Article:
I would write or co-sponsor legislation to fine the department heads, mayors, elected officials, even the governor, etc., with substantial fines paid from their personal funds or no-pay suspensions for dereliction of duty. If they need more help to respond to FOIAs, hire it, but do not keep the public waiting. 

6) Are you satisfied with the current plans to pay for the state’s unfunded liabilities? If not, how would you propose to meet pension and health obligations for public workers?

No. Whether it is the state or the counties, unfunded liabilities shall be paid in full each year unless there is a natural or manmade disaster that precludes it. In such a disaster, only 90 perecnt should be required to be funded, but those missing funds shall be paid back within two years by adding 105 percent to liabilities to those two following years. (FEMA payments will be received for at least 80 percent of disaster repairs.)

For governmental entities who are far in arrears, they should be required to fund 100 percent each year going forward plus 25 percent of the debt to each year for four years until they are at 100 percent funding and the unfunded liabilities are fully repaid. Our employees work hard and deserve to know their retirements and health care premiums are secure.

The state has a fiduciary responsibility to pay 100 percent of liabilities. 

7) Do you support changing the state constitution to allow taxing investment properties to fund the public schools? How would you implement it if it passes?

Yes. A surcharge could be added to investment property. Without allowing any funds to be removed from the current and future budgets for schools, it will be necessary for the Legislature to “freeze” the amount provided to DOE at the current level and add a cost-of-living or 5 percent increase each year, whichever is greater. On top of that increased funding, investment properties, TAT, resort properties could have a small increase in their tax base to help our schools.

8) Illegal vacation rentals have proliferated throughout Hawaii. The state is not collecting tax revenue on many of these properties and residents worry about overcrowded neighborhoods and other problems. Do you see this as a problem given Hawaii’s booming visitor industry and what would you propose to do about it?

It is a problem. I understand that people need to make additional income especially in their elder years. Long-term rentals will do that. Both the State GET and TAT and the counties’ real property tax may not be paid on illegal vacation rentals (VRs) since the owners want to be under the radar. The counties need to determine which residences are being used for VRs. VRs in restricted zones should be stopped, cited, and very steep fines should be applied for violations of the zoning code. Initially, a two-month grace period should apply during public notification to property owners, and the owners notify VR guests. After that time, substantial fines begin for violating the zoning code.

In view of the lack of affordable housing, and especially since the flooding on Kauai and the ongoing Puna lava disaster, VRs can revert into long-term rentals which will certainly please the neighbors and may help some of those 2,000-plus displaced people on Hawaii Island. Also, young teachers who cannot afford to live here with the high cost of living could find housing.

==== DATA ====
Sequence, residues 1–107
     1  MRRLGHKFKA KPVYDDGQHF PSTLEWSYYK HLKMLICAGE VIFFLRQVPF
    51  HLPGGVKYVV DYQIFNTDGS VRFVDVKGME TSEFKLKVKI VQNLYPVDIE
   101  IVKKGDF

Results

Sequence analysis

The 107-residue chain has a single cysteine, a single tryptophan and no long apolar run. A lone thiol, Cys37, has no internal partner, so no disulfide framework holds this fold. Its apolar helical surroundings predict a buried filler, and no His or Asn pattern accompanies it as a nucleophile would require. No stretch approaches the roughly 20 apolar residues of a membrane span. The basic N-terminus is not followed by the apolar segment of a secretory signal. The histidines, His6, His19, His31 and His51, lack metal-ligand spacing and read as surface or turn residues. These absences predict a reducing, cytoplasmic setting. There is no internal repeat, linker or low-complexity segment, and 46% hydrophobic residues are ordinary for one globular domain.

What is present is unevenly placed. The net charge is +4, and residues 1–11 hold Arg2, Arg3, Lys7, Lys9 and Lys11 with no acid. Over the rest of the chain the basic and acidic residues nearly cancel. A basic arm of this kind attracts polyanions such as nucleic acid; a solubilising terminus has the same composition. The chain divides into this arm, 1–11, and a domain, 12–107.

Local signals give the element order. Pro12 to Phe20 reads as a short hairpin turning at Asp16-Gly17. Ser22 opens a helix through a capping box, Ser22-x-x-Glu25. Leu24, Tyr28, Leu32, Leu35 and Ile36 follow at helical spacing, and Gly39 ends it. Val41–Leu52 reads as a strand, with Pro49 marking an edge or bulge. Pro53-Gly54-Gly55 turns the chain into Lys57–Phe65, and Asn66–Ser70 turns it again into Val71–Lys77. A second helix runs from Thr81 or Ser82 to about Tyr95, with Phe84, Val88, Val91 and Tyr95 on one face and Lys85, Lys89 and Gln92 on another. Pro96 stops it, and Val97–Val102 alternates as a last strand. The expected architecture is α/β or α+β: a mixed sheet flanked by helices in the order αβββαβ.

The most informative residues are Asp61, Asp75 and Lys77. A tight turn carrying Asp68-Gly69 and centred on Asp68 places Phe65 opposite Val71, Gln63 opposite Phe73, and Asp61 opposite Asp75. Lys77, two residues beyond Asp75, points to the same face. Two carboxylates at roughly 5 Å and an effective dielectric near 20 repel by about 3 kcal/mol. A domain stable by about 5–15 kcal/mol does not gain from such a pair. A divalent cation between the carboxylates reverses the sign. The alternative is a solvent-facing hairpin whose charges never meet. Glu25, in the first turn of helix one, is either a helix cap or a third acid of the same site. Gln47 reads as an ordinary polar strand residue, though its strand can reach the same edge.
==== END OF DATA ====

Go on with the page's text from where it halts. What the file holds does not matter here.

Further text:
9) Do you support or oppose holding a state constitutional convention? Why or why not?

I support a state constitutional convention. My response goes back to question No. 2. When the Legislature refuses to pass laws that the people want, disregards issues that even legislators try to get passed, and refuses to have a statewide citizens initiative process, it is time for a constitutional convention. Additionally, nominees to represent the various areas of the state need to be elected by ballot. This issue could be put on the 2020 ballot to save money.

10. What should Hawaii be doing to prepare for the effects of climate change, including sea level rise and threats to the reefs?

Stop all development on the shoreline. Increase the setback to account for the sea level rise based on 2100 estimates. Remove any buildings on the shoreline that are more than 40 percent damaged by hurricanes, tsunamis, flood channel inundation, sea level rise, lava flows, etc. Allow only parks on such land with restrooms and cabanas beyond the setback zone.

Establish a permanent fund to buy the land (not the structure which should be insured) from the property owner and zone the land as open space. The fund would provide the land owner with some money to buy a lot. To protect the reefs, stop aquarium reef fish collection. Place buoys with ropes between them and above-water signage to prohibit standing on the reefs. Place on-shore kiosks with public information.

Encourage home and business owners to place solar units on buildings using state and federal tax incentives and create a fund to pay for the placement of solar on houses of very low-income people. Require solar units on all apartments and use tax incentives spread over several years to help pay for it. Do not allow geothermal on the islands of Hawaii or Maui due to active volcanoes.

11. What do you see as the most pressing issue facing your district? What will you do about it?  

Insufficient affordable housing, insufficient medical care, the need for a new hospital, and homelessness are all major issues in my Senate district.

I will write or co-sponsor legislation to stop vacation rentals in residential zones, help to start a physician’s assistant program in Kona (this does not require state funding), build a new Kona hospital that is a Level 3 (tertiary) that can handle trauma and cardiac cases without flying the person to Oahu, move the existing hospital employees to the new hospital, and provide emergency housing to the homeless to get them stabilized and safe before moving them into permanent housing. The old hospital can be used for homeless people, long-term care, and a drug treatment facility.